These Are the Most Challenged Books, According to the A.L.A.


Eight of the 10 most challenged books final 12 months had been based mostly on L.G.B.T.Q. topics or narratives, the American Library Association stated in its annual rating of books that had been banned or protested in faculties and public libraries.

One of them parodied Marlon Bundo, Vice President Mike Pence’s rabbit. Another informed a narrative a few marriage between two males. Other books on the 2019 list were stories about children and transgender identity.

“This year, we saw the continuation of a trend of a rising number of challenges to L.G.B.T.Q. books,” said Deborah Caldwell-Stone, executive director of the library association’s Office for Intellectual Freedom, which compiles the list.

“Our concern is the fact that many of the books are age-appropriate and developmentally appropriate books intended for young people, but they are being challenged because they allegedly advance a political agenda or sexualize children,” she said. According to the association, the challenges came from parents, legislators and religious leaders.

“Libraries are community institutions, intended to serve diverse communities,” Ms. Caldwell-Stone added. “That includes all kinds of individuals and families.”

The Office for Intellectual Freedom said that in 2019, there were 377 attempts to remove books or materials from libraries, schools and universities. Most of the challenges came from patrons, followed by administrators, political and religious groups, librarians, teachers, elected officials and students.

The challenges — sometimes made in a written request, sometimes made via public protest — are not always successful, Ms. Caldwell-Stone said.

“But the fact that the requests are being made is deeply concerning,” she added. “We find that young people in particular need to find themselves reflected in the books they read. And serving those needs does not take away anything from those people with other viewpoints.”

Of the 566 books involved, these were the 10 most frequently challenged.

By Alex Gino

The library association said some school administrators removed the book because it included a transgender child, and because they believed that the “sexuality was not appropriate at elementary levels.” Some who objected to “George” said schools and libraries should not “put books in a child’s hand that require discussion”; opponents also cited its sexual references and a viewpoint described as at odds with “traditional family structure.”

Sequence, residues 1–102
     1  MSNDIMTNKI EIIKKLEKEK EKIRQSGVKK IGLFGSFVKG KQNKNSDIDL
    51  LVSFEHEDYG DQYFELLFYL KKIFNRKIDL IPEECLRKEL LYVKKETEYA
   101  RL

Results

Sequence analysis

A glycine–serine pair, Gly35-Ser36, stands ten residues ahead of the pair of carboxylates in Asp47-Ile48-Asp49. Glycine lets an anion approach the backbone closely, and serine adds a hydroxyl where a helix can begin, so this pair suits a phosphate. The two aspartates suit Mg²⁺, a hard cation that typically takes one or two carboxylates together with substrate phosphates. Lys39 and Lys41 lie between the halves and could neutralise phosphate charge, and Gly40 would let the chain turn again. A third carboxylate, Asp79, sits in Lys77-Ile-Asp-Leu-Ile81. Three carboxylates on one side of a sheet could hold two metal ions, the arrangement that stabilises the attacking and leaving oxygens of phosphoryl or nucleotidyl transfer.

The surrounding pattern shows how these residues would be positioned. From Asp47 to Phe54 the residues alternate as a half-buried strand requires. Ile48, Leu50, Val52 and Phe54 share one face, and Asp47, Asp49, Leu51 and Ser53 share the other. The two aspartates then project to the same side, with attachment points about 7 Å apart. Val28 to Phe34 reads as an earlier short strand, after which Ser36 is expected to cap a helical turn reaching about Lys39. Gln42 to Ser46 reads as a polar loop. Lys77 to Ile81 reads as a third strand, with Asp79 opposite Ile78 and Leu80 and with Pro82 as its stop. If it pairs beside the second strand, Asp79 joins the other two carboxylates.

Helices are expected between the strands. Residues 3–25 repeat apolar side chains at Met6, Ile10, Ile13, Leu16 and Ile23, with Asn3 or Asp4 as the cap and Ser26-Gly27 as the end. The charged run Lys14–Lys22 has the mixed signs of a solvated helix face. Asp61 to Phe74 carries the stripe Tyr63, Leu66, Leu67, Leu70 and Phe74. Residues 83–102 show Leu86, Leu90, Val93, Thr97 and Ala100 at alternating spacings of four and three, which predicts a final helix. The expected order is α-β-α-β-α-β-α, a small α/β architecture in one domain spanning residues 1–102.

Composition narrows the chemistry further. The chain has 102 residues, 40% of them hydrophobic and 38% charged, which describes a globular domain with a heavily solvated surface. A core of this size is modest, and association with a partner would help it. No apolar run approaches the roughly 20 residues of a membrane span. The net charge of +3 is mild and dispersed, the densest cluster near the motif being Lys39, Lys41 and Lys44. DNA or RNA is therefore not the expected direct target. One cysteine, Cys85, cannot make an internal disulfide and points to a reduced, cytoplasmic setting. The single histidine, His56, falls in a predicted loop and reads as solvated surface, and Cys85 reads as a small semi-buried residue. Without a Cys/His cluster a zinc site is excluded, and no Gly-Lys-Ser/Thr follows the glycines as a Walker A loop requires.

Written by Jill Twiss and illustrated by EG Keller

The library association said the book was challenged over its L.G.B.T.Q. content and political viewpoints (“designed to pollute the morals of its readers”) as well as for not including a content warning. In one instance, a person defaced a copy of the book, writing: “Girl bunnies marry boy bunnies. This is the way it has always been.”

Written by Cory Silverberg, illustrated by Fiona Smyth

This sex-education comic book was challenged, banned and relocated for L.G.B.T.Q. content; for discussing gender identity; and for concerns that the title and illustrations were “inappropriate.”

Written by Daniel Haack, illustrated by Stevie Lewis

In an interview, Mr. Haack said the “sweeping, epic, romantic adventure that features two men as the leads,” as a genre, was practically nonexistent in children’s books.

“I was hoping to fill that void,” he said. “When kids only see a certain way of being, only white protagonists or straight romances, in the media they consume, then that is the template for what is normal for them.”

Written by Jessica Herthel and Jazz Jennings, illustrated by Shelagh McNicholas

“We are not surprised to see ‘I Am Jazz’ return to the top 10 list of banned books in America,” Ms. Herthel said. “The increased visibility of young trans people combined with the unprecedented political attacks on the L.G.B.T.Q. community makes the book an easy target.”

Written and illustrated by Raina Telgemeier

The series was challenged over its magic and witchcraft references, for its curses and spells and for characters who use “nefarious means” to attain goals.

Written by Peter Parnell and Justin Richardson, illustrated by Henry Cole



Source link Nytimes.com

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